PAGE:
Celebrating Diversity and Fighting Racism, Student Volunteer Promotes Inclusion in Community

Daily Point of Light # 6897 Oct 30, 2020

Meet Daily Point of Light honoree Hananeel Morinville. Read her story and nominate an outstanding volunteer or family as a Daily Point of Light.

Once known to be one of the most segregated cities in the country, Kansas City, Missouri and its surrounding suburbs is increasingly becoming more diverse. Recognizing the changing face of her community, 18-year-old Hananeel Morinville is volunteering to celebrate that diversity.

Launching the Black Student Union in 2018 at her high school in the Shawnee Mission school district, the 18-year-old Overland Park, Kansas student, who is Haitian-American, is promoting inclusion and harmony to recognize students who felt like they didn’t have a voice. Renaming the organization more recently to Coalition of Racial Equality (CORE) to better reflect their mission to fight racism and work towards equality for marginalized communities, Hananeel has connected with dozens as she fosters diversity amongst her peers.

What inspires you to volunteer?

My primary inspiration for volunteering is based upon my faith. Christianity teaches us to help others and promote our faith when you can. Additionally, my parents raised me to understand that when you have the means and ability to give back, it’s something you should do. I’m in a position of privilege to help others, and the best way to help is by impacting their lives.

Describe your volunteerism with CORE.

As founder, I address the issues our community is facing. We still see the impact of ‘redlining’ and segregation in our town. The reason we decided to take action is so we could continue to be united in the fight against racism and build towards equality. I was joined by two classmates very early on, who have been critical to our efforts. CORE offers resources and also services to help marginalized populations in our community, like food and book drives. We’ve also sent donated books to high school students in Africa. I’ve also been honored with the The Princeton Price in Race Relations for my work.

Explain the impact your volunteerism is having.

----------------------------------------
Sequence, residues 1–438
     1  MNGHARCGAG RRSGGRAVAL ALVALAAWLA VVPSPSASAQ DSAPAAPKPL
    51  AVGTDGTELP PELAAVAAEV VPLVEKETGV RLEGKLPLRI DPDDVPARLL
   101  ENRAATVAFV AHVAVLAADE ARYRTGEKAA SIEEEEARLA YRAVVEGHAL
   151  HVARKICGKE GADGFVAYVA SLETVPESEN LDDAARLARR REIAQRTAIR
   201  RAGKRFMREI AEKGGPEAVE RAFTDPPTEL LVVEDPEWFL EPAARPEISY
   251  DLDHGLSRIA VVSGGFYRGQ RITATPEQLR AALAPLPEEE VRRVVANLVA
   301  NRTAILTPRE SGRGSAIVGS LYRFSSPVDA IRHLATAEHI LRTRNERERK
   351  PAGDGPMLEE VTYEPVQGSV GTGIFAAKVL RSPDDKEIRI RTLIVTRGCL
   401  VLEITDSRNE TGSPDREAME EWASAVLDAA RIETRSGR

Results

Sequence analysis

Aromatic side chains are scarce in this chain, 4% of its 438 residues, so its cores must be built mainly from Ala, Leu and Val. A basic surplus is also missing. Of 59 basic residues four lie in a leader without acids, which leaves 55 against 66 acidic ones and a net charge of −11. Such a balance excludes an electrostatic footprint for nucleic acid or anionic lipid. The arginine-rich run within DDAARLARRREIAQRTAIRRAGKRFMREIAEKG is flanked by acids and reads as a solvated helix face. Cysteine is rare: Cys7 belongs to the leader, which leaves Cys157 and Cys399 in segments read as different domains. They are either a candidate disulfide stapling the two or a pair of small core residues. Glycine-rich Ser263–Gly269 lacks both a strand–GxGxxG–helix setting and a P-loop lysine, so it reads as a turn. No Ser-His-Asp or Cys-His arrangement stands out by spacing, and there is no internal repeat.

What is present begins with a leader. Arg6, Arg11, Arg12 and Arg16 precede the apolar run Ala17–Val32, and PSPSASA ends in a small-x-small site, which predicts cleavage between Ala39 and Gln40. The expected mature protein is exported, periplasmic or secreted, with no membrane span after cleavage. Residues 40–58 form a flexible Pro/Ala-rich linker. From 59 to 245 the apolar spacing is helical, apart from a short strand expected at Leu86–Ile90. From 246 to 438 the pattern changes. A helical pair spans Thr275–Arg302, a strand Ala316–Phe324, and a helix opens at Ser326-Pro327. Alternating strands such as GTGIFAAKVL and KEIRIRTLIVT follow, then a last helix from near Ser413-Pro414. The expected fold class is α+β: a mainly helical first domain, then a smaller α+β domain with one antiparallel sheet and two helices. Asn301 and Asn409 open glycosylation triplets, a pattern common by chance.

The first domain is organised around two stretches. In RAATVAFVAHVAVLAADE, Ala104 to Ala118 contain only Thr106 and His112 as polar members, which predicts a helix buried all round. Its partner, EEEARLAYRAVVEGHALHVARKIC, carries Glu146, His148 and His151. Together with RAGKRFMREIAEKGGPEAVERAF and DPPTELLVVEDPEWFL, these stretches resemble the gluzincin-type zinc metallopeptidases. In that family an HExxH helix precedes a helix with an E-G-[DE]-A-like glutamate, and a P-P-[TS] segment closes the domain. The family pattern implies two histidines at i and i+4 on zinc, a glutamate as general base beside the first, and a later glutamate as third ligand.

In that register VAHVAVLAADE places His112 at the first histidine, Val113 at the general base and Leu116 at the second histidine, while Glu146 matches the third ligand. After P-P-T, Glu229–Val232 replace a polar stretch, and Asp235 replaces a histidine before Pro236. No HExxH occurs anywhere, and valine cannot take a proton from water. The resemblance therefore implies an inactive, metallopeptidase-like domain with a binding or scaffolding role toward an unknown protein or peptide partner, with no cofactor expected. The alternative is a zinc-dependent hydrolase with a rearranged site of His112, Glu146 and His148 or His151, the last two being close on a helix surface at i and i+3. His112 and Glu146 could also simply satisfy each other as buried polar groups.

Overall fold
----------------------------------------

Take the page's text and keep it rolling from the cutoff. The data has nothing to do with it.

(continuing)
We are working on a project to increase the conversation around racism in the community. After the death of George Floyd, we saw a spike in racism and discrimination in schools across our community. On the other hand, we also saw people willing to fight against this discrimination, and do something about it. This upcoming project will outline ways to increase dialogue around race relations in our community.

Share one personal story with me from your volunteerism.

During one of our food drives, we watched a family drive past our station and then turn around. It was a woman with her family, and she said she’d been up at night worrying how she was going to feed her kids. She was out on unemployment because she’d just lost her job, and she was very grateful for how we were helping her, even the impact our assistance would have in the long run. Putting food on her table meant that she wasn’t going to worry about how to feed her kids for a little while, which meant she could focus on finding a job and establishing a long-term solution. Our help also meant her kids didn’t have to worry about what their mother could or couldn’t do for them.

Daily Point of LIght Honoree Hananeel Morinville
CORE offers resources to increase conversations around race and discrimination, and promote inclusion, in addition to services to help marginalized populations in our community, like food and book drives. / Courtsey Hananeel Morinville

Why do you think it’s important for others to give back?

We should constantly be asking ourselves something former First Lady Michelle Obama has said, ‘Do we settle for the world as it is or do we work for the world as it should be?’ We get so used to the world as it is, we don’t look to alleviate the plight people are faced with. When it comes to giving back, we should always move forward and create the world that should exist.

How have you continued to volunteer throughout the COVID-19 pandemic?

We’ve conducted food drives to help families affected by coronavirus, as we were looking to address the lack of accessibility to food that people were experiencing during the pandemic. We are also planning to hold a feminine product drive in November.

In one word, what does volunteering mean to you?

Uplifting others.

When you’re not busy with school or volunteering, what do you do for fun?

I like playing the piano and reading.

How can readers help?

For more information and resources please visit the Core Website. 

Do you want to make a difference in your community like Hananeel Morinville? Find Local Volunteer Opportunities.


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